Phosphate Cycling in the Presence of Biogenic Iron Oxides and Iron-Reducing Bacteria

Description
Title: Phosphate Cycling in the Presence of Biogenic Iron Oxides and Iron-Reducing Bacteria
Authors: Meyers, Emily
Date: 2018
Abstract: Nutrient pollution from industrial activity is an environmental problem that persists in water bodies near urban settings, and has been a primary contributor to eutrophication, bacterial contamination, and harmful algal blooms. Biogenic iron oxides offer a potential solution to the treatment of lakes and rivers containing high concentrations of phosphate, the limiting nutrient in aquatic systems. Soluble ferrous iron can act as an electron donor for iron-oxidizing bacteria, which thrive in low-oxygen environments. This results in the formation of insoluble ferric iron minerals, ideal adsorbents for negatively charged phosphate. Conversely, iron-reducing bacteria reduce ferric iron to form ferrous iron, resulting in the formation of secondary minerals depending on the chemistry of the particular environment. This project investigates the chemical conditions at which biogenic iron oxides have the maximum adsorptive capacity, especially with respect to organic carbon content. A simplified model of natural biogenic iron oxides was synthesized by co-precipitating the mineral ferrihydrite (a common iron oxide) with the polysaccharide alginate, an analogue to bacterial exopolysaccharides. At the levels of carbon investigated, organic matter was not found to affect the adsorptive capacity of iron oxides at the C/Fe ratios analyzed. Similarly, organic matter did not appear to significantly influence the rate of reduction of ferrihydrite by the iron-reducing bacterium Shewanella putrefaciens CN32. Presence of organics did however influence rates of reduction and the mineralogy of the post-reduction precipitates. Phosphate adsorbed to iron oxides prior to microbial reduction greatly increased both the rate and the extent of ferric iron reduced, and also had an impact on the secondary minerals that formed (vivianite, green rust). An improved understanding of these conditions could contribute to a more efficient process by which iron-oxidizing bacteria are used for large-scale industrial water treatment.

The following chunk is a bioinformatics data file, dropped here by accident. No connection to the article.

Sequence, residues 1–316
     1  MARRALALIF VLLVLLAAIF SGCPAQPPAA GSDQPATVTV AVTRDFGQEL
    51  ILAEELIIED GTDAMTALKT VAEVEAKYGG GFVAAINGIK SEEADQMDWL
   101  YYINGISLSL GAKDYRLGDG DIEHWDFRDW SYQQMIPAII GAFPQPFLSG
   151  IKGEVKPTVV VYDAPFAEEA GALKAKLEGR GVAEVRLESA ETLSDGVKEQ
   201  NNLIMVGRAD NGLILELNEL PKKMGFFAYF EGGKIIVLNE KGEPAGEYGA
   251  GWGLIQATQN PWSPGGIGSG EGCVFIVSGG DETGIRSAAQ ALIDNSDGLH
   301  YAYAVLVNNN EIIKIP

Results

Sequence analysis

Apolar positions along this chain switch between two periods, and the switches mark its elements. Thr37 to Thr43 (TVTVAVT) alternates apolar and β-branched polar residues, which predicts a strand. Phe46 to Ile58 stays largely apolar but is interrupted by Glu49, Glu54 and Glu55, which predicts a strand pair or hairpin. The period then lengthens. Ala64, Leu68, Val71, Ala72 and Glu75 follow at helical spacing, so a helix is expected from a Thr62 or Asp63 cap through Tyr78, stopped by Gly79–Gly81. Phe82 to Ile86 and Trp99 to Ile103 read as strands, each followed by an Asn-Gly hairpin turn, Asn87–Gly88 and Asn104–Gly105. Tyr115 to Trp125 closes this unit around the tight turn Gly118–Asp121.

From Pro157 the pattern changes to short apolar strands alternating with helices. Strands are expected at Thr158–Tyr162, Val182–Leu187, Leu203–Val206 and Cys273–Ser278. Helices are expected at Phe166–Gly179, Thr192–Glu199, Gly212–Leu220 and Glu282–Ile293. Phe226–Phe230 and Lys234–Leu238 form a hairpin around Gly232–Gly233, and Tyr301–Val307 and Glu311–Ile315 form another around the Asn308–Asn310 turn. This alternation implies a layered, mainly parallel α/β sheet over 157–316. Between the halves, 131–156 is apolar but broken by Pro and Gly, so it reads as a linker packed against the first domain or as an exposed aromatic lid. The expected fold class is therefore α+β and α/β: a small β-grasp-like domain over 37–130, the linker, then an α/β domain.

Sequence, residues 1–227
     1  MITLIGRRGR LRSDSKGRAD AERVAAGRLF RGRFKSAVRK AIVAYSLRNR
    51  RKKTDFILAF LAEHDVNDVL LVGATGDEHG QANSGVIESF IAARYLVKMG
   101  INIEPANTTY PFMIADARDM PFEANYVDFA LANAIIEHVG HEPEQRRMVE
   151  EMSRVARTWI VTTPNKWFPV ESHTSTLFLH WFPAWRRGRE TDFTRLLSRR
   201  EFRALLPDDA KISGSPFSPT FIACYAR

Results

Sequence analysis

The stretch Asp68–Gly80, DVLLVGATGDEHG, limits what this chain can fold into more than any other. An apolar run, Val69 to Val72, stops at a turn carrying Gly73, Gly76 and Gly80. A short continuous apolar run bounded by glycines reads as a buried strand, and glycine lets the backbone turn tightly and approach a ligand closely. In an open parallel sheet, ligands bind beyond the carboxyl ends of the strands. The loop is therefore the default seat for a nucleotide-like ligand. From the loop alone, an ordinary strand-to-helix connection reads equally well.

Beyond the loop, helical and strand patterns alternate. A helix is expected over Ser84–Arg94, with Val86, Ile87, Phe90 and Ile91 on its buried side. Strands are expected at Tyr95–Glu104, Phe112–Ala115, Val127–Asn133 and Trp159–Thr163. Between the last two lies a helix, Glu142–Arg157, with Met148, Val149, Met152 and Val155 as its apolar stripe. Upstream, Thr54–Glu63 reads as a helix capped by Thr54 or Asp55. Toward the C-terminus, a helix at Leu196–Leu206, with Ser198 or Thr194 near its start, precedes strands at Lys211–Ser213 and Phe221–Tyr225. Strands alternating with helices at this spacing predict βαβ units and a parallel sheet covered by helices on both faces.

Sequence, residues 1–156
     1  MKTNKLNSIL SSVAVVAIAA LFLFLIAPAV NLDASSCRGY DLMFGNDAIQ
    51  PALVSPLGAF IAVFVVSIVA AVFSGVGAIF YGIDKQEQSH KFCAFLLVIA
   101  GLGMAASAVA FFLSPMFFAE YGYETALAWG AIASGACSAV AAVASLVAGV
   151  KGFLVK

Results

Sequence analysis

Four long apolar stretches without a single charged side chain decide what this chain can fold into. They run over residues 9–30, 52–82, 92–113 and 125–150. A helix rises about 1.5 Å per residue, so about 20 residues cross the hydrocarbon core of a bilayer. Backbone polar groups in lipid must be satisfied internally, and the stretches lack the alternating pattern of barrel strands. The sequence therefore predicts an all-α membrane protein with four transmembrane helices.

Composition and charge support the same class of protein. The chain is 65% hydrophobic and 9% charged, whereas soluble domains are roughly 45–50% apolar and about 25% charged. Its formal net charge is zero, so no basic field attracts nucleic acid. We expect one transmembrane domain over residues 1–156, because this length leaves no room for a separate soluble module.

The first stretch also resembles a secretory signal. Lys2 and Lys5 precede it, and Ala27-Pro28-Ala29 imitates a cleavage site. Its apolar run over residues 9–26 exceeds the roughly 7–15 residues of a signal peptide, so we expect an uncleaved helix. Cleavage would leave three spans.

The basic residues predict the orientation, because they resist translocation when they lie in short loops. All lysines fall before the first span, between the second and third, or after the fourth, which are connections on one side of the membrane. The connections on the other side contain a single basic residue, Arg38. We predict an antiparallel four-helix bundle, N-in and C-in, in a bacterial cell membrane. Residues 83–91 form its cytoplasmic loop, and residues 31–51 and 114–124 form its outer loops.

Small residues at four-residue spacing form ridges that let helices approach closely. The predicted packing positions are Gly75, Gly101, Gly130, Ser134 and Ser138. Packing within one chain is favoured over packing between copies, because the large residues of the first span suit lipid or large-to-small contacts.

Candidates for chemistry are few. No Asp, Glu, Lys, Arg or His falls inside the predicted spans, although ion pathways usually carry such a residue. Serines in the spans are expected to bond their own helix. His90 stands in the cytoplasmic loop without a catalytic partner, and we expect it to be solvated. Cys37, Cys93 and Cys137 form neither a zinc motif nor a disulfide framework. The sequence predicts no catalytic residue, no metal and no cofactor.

URL: http://hdl.handle.net/10393/37306
http://dx.doi.org/10.20381/ruor-21578
CollectionThèses, 2011 - // Theses, 2011 -
Files